How to Improve Reading Comprehension

by Jonathan Mooney

Talking about a reading assignment with your LD child will help her become a better reader.

When I was a kid, you would have hated to sit by me in the library. With my books splayed everywhere and my feet tapping at a hundred miles a minute, I mouthed every word of the book I was reading out loud. When I finished my reading, I would literally talk to myself about the ideas, themes, or characters of that particular assignment. Why did I do this? I didn't realize it as a kid, but I was trying to integrate something called verbal processing into the act of reading. Verbal processing simply means talking about information in order to retain and understand it.

Verbally engaging your child before and after reading will greatly increase her comprehension, enabling her to become a more competent reader. In order to help you get the conversation (and the thoughts) flowing, here are some questions you can ask your child, regardless of whether or not you are familiar with the reading yourself. However, the ultimate goal is to empower your child to have these conversations directly with her teacher or peers. Moreover, when it comes to pre-reading questions, it's reasonable for you or your child to ask the teacher for some questions or an outline of the reading to serve as a conceptual framework.

Before Reading

Pre-reading questions empower your child to think critically about the assignment at hand. These questions will help her think about what she already knows, how the reading might relate to the class as a whole, and what she might be looking forward to -- or more likely, not looking forward to -- in the assignment.

It's fine if your child is guessing at this point -- the idea is just to get her thinking and talking about the reading. If you are working with a teenager, be prepared to hear "nothing" or "I don't care." Work through these stock responses by telling your child that the reading may not be that interesting, but you'll work through it together. This might not remove all her resistance, but at least it will let her know you're on her side.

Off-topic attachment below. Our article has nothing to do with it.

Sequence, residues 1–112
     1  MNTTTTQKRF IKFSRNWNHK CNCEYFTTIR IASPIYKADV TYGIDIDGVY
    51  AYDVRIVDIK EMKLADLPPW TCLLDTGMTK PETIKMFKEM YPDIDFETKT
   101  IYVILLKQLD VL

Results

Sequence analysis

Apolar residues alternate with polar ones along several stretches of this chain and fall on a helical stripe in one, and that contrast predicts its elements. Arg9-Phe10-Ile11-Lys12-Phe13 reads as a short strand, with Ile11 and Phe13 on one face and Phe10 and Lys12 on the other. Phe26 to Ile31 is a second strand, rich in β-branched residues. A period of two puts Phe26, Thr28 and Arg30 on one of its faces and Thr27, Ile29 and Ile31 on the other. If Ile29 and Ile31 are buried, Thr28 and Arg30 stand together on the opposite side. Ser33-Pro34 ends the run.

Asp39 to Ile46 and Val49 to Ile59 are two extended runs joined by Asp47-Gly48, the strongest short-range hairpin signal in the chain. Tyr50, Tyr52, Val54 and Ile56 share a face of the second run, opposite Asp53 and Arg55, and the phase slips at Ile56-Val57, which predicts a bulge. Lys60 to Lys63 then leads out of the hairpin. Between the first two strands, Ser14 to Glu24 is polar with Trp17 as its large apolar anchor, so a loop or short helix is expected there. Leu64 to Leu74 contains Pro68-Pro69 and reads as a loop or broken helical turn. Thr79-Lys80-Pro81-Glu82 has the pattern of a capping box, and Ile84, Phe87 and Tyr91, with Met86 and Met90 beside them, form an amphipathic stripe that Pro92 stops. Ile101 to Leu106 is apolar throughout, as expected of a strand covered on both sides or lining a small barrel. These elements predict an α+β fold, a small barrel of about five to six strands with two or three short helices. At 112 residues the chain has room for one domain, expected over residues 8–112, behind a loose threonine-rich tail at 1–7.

1. What do you know about this reading assignment? Has your teacher told you to look out for anything, or given you any information about this book or chapter?
2. How do you think this reading may relate to what you are currently studying in class?
3. How does the reading relate to the class as a whole?
4. What other books have you read that reminds you of this reading?
5. What questions do you have about this book that I might be able to answer for you?
6. What are you excited about in this reading?
7. What are you not excited about?

After Reading

The post-reading questions are designed to give kids the opportunity to talk about what they've just read. Many students don't fully understand or retain information until they talk it out. In your conversation with your child, focus on getting the broad concepts down, like the themes of the reading, the structure that developed those themes, and how those themes are related to the rest of the class. Taking the time to do this will improve your child's retention of what she read. Here are some ideas:

1. What were the three major themes of what you read?
2. How did the story develop those themes?
3. What other readings from this class had similar themes?
4. How was this reading different or the same?
5. What did you like about this reading?
6. What did you dislike about this reading?
7. How might this reading be tested in class?
8. Can you summarize what you read in a few sentences?

To Reading Homepage

Please don't delete it